Surviving The Teenage Years – Mommy Blogger

My name is Shannon Strogal. I am a strength and conditioning fitness coach at OPEX Fitness in Regina, a wife and a mother to four children, 2 boys and 2 girls ranging in ages from 22, 13, 10 and 8. My passion in women’s health, both mentally and physically, comes from my own personal experiences. I am recently new to blogging and I hope my stories can inspire and resinate with fellow mothers.  I truly believe that behind every successful woman is a tribe of other successful women who have her back.

Some of you may be many many years away from your babies entering the teenage years but having gone through this once already I feel like I can share some insight.

I don’t claim to be an expert in raising a teenager. I mean really, are we ever an expert at parenting? Every child is so different and some struggle with the teens years more then others however there are always the same common themes that pop up in conversations with other moms. I always say that these were the most challenging years as a parent, the terrible two’s have nothing on this stage. However as challenging as it was it I think it is by far the most important.

1) Let’s start off with the mood swings.

Most teenagers will most likely want nothing to do with you, and then desperately want your attention, approval and love.  They will sigh and eye-roll at your requests, but then want to be cuddled when they are feeling sad or under the weather. They will be mortified by your presence at their big game, but angry with you if you miss it.

There is one answer for this…hormones.

You will feel like you don’t know who this human is starring back at you but trust me in saying this will pass. They are struggling with it just as much as you are.

2) They’ll probably make some really stupid choices.

 Remember though, didn’t we all?  Most of the time, the dumb things we did as teenagers just end up being dumb things we did as teenagers, nothing more.  They’re the things that lead us to new experiences, new places, new friends.  They’re the things that make us realize, even as we climb into that van to go to a party with a bunch of strangers, that we likely shouldn’t have done it, and know that even though all went well, we won’t do it again.

Here’s a quote I read once and wanted to share: “A teenager who never makes any mistakes may grow into the adult who never takes chances.”

3) They can be very messy!

Between coats on the floor when they walk in the door, leaving their clothes wherever it is they happen to take them off, leaving dirty dishes in their rooms and never, ever, making the bed. Their rooms will drive you crazy. And sometimes, it will smell.  Like, really, really bad. My advise, get a room deodorizer of some sort and keep their door shut.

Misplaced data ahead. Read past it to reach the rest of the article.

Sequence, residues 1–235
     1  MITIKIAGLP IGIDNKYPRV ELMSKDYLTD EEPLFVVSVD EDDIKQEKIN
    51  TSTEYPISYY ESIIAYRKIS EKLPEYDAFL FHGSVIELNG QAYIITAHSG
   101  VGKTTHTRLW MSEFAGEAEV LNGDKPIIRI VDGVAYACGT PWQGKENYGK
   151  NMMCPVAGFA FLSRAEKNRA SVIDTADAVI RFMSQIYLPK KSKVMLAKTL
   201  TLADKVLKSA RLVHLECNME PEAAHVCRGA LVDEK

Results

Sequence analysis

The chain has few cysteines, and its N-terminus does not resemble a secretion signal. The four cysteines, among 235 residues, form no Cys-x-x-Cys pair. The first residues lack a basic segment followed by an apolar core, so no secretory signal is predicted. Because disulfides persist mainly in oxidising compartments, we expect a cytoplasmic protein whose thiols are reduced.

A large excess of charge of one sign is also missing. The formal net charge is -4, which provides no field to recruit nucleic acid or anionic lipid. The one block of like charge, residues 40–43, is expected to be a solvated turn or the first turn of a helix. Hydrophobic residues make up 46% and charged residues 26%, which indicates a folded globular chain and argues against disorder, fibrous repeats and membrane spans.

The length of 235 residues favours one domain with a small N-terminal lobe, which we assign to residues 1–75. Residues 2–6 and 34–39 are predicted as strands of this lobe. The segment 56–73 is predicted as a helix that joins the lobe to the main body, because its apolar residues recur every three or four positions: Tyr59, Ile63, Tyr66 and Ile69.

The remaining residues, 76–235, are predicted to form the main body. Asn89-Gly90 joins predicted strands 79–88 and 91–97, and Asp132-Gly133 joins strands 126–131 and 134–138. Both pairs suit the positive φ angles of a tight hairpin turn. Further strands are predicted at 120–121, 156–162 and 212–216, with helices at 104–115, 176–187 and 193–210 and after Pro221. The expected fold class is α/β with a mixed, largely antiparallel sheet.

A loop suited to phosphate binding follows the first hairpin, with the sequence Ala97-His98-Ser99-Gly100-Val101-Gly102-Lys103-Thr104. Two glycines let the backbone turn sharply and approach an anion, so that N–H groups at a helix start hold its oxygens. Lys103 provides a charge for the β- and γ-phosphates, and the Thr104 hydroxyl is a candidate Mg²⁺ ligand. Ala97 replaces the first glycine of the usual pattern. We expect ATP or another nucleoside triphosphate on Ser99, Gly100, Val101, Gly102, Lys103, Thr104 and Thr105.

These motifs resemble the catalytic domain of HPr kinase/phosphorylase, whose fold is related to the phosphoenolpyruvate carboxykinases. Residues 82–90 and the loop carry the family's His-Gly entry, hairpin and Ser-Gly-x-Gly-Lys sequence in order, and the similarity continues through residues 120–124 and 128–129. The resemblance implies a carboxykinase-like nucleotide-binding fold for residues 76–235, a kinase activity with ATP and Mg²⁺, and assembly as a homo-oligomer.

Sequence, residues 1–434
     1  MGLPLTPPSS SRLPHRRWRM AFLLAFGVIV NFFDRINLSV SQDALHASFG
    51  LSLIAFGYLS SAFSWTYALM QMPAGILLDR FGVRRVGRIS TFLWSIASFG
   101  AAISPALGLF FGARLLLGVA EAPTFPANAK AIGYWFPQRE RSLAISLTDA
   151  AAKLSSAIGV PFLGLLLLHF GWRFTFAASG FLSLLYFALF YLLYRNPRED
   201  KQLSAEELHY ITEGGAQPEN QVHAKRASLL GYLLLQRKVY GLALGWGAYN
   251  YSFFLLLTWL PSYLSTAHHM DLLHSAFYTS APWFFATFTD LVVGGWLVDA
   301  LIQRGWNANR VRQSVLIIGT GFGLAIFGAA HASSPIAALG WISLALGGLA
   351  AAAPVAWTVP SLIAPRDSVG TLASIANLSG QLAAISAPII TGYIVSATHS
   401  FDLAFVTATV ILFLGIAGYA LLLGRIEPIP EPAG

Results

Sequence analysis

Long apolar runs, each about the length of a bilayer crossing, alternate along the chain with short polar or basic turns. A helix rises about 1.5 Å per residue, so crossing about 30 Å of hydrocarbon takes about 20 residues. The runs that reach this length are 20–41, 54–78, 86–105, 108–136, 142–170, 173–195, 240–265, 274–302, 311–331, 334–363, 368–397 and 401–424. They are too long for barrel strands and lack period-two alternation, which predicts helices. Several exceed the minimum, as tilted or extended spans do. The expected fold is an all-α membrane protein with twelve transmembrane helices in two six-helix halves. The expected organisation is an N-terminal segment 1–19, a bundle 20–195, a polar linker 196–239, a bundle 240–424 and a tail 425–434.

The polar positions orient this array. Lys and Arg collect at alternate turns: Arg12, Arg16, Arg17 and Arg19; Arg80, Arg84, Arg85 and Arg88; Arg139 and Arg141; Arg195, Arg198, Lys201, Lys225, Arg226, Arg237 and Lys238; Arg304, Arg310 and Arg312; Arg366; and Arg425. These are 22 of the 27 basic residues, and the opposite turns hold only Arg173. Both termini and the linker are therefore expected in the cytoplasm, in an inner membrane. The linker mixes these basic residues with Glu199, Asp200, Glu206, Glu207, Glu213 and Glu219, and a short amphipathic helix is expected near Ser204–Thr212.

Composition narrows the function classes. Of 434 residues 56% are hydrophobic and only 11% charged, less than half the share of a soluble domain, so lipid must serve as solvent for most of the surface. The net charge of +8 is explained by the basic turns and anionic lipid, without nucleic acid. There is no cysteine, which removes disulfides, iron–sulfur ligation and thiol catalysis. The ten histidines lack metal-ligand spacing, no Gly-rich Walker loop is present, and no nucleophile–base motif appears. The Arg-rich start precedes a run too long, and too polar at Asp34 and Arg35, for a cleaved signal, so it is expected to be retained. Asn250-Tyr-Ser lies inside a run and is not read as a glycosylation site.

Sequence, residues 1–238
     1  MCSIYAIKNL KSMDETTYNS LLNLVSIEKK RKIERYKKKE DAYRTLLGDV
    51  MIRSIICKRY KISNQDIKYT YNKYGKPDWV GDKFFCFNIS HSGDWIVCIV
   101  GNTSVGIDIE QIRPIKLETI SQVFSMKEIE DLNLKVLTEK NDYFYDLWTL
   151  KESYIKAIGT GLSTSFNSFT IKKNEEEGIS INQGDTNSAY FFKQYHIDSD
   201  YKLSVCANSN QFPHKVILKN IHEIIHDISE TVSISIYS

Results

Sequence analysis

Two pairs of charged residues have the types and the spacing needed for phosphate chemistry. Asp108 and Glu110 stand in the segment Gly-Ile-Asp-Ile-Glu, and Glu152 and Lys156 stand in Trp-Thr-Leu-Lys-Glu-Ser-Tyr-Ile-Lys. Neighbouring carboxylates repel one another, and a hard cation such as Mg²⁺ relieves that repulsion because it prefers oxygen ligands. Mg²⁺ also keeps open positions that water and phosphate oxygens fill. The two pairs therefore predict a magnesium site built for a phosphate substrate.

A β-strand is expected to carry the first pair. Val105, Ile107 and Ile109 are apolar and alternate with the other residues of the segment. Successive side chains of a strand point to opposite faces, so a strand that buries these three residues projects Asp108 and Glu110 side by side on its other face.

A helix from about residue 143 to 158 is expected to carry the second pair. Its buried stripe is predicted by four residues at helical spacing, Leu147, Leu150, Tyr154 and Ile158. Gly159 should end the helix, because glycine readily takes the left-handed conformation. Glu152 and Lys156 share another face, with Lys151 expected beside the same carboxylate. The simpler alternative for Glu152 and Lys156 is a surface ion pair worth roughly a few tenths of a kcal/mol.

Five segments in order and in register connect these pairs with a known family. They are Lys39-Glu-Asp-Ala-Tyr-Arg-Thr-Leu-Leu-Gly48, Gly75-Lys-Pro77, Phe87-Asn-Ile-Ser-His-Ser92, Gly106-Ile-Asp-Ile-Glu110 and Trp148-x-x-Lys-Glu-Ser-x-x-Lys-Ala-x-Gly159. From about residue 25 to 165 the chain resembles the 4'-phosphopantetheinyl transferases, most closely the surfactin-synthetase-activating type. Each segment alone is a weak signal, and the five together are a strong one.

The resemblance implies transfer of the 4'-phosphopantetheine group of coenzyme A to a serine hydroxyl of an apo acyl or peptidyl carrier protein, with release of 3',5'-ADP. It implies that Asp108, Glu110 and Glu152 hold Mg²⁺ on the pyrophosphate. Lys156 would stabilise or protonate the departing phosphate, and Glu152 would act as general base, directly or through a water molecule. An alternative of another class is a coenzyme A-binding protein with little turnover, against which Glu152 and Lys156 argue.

Cleanliness isn’t their top priority, and frankly most teenagers are just lazy.

Sorry.  Don’t sweat the small stuff.

4) Don’t ignore the big stuff.

I feel this is by far the most important point. If you think your child is using drugs, alcohol or dealing with depression, do not look the other way, talk to them about it now and seek professional help if necessary.

These are the years when it is essential for parents to stay involved.

Watch for changes in your teen’s behaviour, appearance, academic performance, and friends. And remember, it’s not just illicit drugs that are abused now.  I don’t want to scare you, but just know that these are different times that we live and and don’t be naive to the fact that your child will never be in contact with it.  We did random room and cell phone checks as a way to keep in the know. Surprise, your teenager will not be forthcoming all the time and tell you everything.

This is not an invasion of privacy, it is your house and this is your child.

5) Am I Disciplining too much or not enough.

Some days it may feel as though you are losing control over your child’s behaviour, and you want to crack down every time they step out of line. And then there could be days where you avoid all conflict for fear you will push them away.

Forcing a child to follows the rules to a tee, may make your teenager fall into line but they could be missing the chance to develop life skills because you’re making the decisions for them. Too little discipline doesn’t help, either. Teenagers need a clear structure to live by as they start to explore the world outside.

It’s about finding a balance between creating rules and expectations and giving them the freedom to grow in to young adults.

Time goes by quickly. Next thing you know they’re all grown up, they move out, go to university, get married. You will miss them. I remember on the difficult days sitting in my own room crying thinking I was a terrible parent. I now look at our 22 year old and we are so very proud of him and the young man he has turned in to, and I can say… I wouldn’t change a thing.

In the end you will always love your child. Tell them often, and most important, keep talking to them, even if they have nothing to say or seem like they aren’t listening. Because letting them know that you love them unconditionally, even when it’s tough love, is the only thing that really matters.

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